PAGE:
If mortgage rates go down and the economy continues to improve then it will both a good time to buy and sell.  The move up seller priced under $300,000 should have plenty of buyers.  If the interest rate is lower than the seller’s current loan they may be able to trade up to a bigger home with little increase in monthly payments.  


If buyers see interest rates drop (and now they know interest rates can go up) they will want to lock in the lower rates as soon as possible.  


A strong economy gives people more confidence in continued employment.  Lastly, as Tom Ruff noted in the STAT Report, "The 20 to 29 year old age group (a key age group for renters) will be moving into the 30 to 39 age group (a key for ownership).” 


As John Bergman said "There are a lot of moving pieces in 2017. Let’s keep a close eye on these events and how they will affect the global economy and mortgage rates."


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3)  Arizona Property Taxes Are Due 

Maricopa County, March 2017


Second half property taxes were due on March 1.   The second half property taxes are delinquent is not paid by May 1.  If your mortgage company pays the taxes on your behalf then you don’t have to send a separate payment. If you own your property free and clear with no mortgage or if your mortgage company does not pay the taxes on your behalf then you need to pay the taxes by May 1 to avoid late fees. To see if your property taxes have been paid you need your parcel number.  You can search by address on the County Assessor’s Office website for the county were the property is located.  The link to Maricopa County Assessor’s office is below.


Maricopa County Assessor


If you cannot afford to pay your property taxes there are some programs available to assist you.  In Maricopa County (see link below) there is a Seniors Valuation Program that freezes the full cash value of the primary residence based on income and age.  There is a Widows/Widowers/Disabled Exemption that exempts a personal residence from taxation but has some limitations.  Elderly Assistance Fund (EAF) was established to reduce the property tax of qualified elderly taxpayers.  Check the website of the county where your property is located to see if they have assistance programs.


Property Tax Assistance Programs


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4)  Phoenix Unloading Hundreds of Properties

AZ Central, March 2017


Phoenix plans to dramatically shrink its portfolio of city-owned real estate after an internal review found the city doesn’t need at least 656 pieces of land that it owns.  That number includes hundreds more excess properties than officials previously acknowledged, and comes after an Arizona Republic investigation revealing widespread concerns about Phoenix’s land-management practices.  Among The Republic’s findings: The city owns vast swaths of vacant land — about 1,400 individual properties covering 2.3 square miles with a combined assessed value of more than $150 million.  The Republic’s report last fall detailed how the vacant lots are a scourge in neighborhoods from south Phoenix to Sunnyslope. Residents complain the empty dirt parcels create problems with illegal dumping, dust and weeds. Some accuse the city of violating its own blight codes.  Developers also criticize the city for sitting on prime land in the urban core. They said Phoenix has stiffed opportunity in some areas, particularly as it experiences a construction boom.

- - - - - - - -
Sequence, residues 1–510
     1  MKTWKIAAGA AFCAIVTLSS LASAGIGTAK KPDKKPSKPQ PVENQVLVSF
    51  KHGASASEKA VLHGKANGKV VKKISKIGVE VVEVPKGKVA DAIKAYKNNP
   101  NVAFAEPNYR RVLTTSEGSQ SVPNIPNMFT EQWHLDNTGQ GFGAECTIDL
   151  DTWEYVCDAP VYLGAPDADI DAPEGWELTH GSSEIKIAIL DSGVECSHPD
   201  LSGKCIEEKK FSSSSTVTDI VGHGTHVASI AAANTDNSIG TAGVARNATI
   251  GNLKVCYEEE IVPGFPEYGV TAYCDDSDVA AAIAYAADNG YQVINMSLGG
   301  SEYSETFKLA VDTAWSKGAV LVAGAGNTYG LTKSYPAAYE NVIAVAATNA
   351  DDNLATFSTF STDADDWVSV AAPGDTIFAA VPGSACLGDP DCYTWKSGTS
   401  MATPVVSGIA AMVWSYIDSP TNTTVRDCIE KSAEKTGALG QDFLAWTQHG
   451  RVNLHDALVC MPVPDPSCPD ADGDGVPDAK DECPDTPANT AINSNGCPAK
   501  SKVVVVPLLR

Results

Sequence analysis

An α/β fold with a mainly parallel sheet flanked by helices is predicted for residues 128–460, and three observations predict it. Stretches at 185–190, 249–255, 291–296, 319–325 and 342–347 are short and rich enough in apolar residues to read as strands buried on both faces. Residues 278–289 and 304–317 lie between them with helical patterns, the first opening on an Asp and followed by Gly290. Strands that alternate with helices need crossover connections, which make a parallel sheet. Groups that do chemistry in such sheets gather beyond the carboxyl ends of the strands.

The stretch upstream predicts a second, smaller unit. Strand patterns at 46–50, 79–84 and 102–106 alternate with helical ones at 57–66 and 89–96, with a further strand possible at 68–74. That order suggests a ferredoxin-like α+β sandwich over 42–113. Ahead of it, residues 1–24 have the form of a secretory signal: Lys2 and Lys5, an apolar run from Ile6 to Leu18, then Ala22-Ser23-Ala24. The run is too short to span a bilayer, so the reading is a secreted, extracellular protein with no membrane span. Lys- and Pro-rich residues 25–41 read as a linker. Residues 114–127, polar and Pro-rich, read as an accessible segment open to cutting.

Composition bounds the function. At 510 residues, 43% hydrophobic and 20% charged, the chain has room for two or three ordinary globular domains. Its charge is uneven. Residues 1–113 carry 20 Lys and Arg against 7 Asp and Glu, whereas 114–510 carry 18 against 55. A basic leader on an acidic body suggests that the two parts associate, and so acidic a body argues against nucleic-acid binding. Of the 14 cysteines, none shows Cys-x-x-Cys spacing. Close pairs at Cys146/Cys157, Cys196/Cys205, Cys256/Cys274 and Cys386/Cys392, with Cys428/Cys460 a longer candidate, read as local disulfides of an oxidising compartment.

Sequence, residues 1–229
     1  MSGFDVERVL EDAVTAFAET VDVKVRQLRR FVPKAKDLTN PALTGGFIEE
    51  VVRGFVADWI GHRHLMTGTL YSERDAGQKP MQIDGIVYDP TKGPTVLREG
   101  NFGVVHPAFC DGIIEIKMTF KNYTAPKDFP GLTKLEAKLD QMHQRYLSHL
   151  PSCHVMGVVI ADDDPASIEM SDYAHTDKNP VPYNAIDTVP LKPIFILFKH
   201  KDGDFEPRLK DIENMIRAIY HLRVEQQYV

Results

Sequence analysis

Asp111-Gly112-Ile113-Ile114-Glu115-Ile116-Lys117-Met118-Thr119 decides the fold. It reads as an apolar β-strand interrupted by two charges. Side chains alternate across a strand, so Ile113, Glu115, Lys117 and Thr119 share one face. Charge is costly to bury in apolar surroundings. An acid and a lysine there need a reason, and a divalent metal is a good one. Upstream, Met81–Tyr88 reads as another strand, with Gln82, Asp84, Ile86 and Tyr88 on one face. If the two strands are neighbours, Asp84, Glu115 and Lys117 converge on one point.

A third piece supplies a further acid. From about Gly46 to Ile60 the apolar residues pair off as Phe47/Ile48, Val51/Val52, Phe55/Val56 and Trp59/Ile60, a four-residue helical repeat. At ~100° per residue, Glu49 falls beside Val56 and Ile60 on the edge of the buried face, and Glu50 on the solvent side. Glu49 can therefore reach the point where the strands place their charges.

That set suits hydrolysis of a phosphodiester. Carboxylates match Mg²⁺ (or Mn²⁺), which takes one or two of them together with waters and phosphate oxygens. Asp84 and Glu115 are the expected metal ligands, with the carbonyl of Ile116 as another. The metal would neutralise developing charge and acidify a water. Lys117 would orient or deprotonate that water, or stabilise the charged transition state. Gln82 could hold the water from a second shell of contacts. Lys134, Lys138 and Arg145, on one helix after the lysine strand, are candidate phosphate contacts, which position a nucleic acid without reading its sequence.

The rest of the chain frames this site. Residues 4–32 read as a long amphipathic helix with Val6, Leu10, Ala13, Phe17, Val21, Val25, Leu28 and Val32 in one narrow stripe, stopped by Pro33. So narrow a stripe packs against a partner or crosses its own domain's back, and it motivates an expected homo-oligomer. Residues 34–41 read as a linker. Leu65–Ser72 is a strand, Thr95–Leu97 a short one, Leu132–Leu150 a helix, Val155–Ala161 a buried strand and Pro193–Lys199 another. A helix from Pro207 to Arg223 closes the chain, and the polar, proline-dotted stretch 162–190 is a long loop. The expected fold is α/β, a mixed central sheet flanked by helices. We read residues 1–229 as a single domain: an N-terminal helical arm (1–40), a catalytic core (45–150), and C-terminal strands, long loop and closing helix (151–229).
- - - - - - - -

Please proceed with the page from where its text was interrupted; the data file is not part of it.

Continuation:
City officials now are ramping up efforts to dispose of the excess properties by selling the land or, if the parcel carries no value or shouldn’t be on the city’s rolls to begin with, transferring it to a different owner.  The city’s updated list of unneeded properties includes hundreds of vacant dirt and gravel lots, some of which have sat idle for a decade or longer with no planned use on the horizon. It also includes properties the city should have relinquished years ago.


The city also recently launched a new website showing all of its for-sale properties — something real-estate investors said was needed given the difficulties they have encountered inquiring about city land sales.

As of mid-March, Phoenix was in negotiations or under contract to sell 132 properties. It has about 38 other parcels listed for sale and plans to list 43 more in the near future, according to city officials.  But that’s just the beginning. The city is figuring out how best to dispose of 417 additional properties. And city officials still are reviewing land owned by the Aviation Department: The airport owns about 800 vacant lots, which it acquired by buying and demolishing homes near runways using federal money for noise remediation.  With airport land included, the city’s list of excess properties could top 1,500 parcels, or more than a quarter of its total land holdings.


Two properties that the city owns but shouldn’t, according to Jami Spear, the city’s assistant real-estate administrator. One lot is a water-infrastructure property that actually belongs to the city of Glendale. The other is a road in Scottsdale.  Others include:  131 parcels that should be dedicated as public roadways, a process that removes them from the county assessor’s property-tax rolls. Some streets were built years ago “but for whatever reason, that (dedication) did not happen,” Spear said.  A boarded-up home near 27th Avenue and Van Buren Street. The home was bought using federal money for first-time buyer assistance, but the city foreclosed on the property in 2008. It has sat vacant since then and the Housing Department has no plans to redevelop it. The property is one of several structures that have sat unused for years.  Click below for the full article.